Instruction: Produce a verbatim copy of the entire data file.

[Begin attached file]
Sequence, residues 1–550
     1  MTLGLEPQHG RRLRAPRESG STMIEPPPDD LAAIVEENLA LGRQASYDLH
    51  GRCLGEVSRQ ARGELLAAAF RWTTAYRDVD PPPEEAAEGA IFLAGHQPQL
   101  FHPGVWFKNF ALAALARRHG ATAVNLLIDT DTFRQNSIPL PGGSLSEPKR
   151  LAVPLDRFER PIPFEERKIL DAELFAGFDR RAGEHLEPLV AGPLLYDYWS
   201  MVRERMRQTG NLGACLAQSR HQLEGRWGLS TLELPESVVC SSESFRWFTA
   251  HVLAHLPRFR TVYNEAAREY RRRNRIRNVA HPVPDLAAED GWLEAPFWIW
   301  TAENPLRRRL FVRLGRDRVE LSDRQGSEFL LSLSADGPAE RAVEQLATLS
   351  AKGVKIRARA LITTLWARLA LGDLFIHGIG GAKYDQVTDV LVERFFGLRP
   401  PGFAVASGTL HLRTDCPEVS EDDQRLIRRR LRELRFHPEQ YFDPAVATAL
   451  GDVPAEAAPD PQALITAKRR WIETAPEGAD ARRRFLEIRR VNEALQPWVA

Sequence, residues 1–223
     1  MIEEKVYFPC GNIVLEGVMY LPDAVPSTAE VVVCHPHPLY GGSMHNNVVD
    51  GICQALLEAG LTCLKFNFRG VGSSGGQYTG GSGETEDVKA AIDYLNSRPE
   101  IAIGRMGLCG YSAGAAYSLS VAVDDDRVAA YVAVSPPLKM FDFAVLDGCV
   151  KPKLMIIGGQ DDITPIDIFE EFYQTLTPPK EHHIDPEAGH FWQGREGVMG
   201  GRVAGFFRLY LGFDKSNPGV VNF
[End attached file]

Sequence, residues 1–550
     1  MTLGLEPQHG RRLRAPRESG STMIEPPPDD LAAIVEENLA LGRQASYDLH
    51  GRCLGEVSRQ ARGELLAAAF RWTTAYRDVD PPPEEAAEGA IFLAGHQPQL
   101  FHPGVWFKNF ALAALARRHG ATAVNLLIDT DTFRQNSIPL PGGSLSEPKR
   151  LAVPLDRFER PIPFEERKIL DAELFAGFDR RAGEHLEPLV AGPLLYDYWS
   201  MVRERMRQTG NLGACLAQSR HQLEGRWGLS TLELPESVVC SSESFRWFTA
   251  HVLAHLPRFR TVYNEAAREY RRRNRIRNVA HPVPDLAAED GWLEAPFWIW
   301  TAENPLRRRL FVRLGRDRVE LSDRQGSEFL LSLSADGPAE RAVEQLATLS
   351  AKGVKIRARA LITTLWARLA LGDLFIHGIG GAKYDQVTDV LVERFFGLRP
   401  PGFAVASGTL HLRTDCPEVS EDDQRLIRRR LRELRFHPEQ YFDPAVATAL
   451  GDVPAEAAPD PQALITAKRR WIETAPEGAD ARRRFLEIRR VNEALQPWVA

Sequence, residues 1–223
     1  MIEEKVYFPC GNIVLEGVMY LPDAVPSTAE VVVCHPHPLY GGSMHNNVVD
    51  GICQALLEAG LTCLKFNFRG VGSSGGQYTG GSGETEDVKA AIDYLNSRPE
   101  IAIGRMGLCG YSAGAAYSLS VAVDDDRVAA YVAVSPPLKM FDFAVLDGCV
   151  KPKLMIIGGQ DDITPIDIFE EFYQTLTPPK EHHIDPEAGH FWQGREGVMG
   201  GRVAGFFRLY LGFDKSNPGV VNF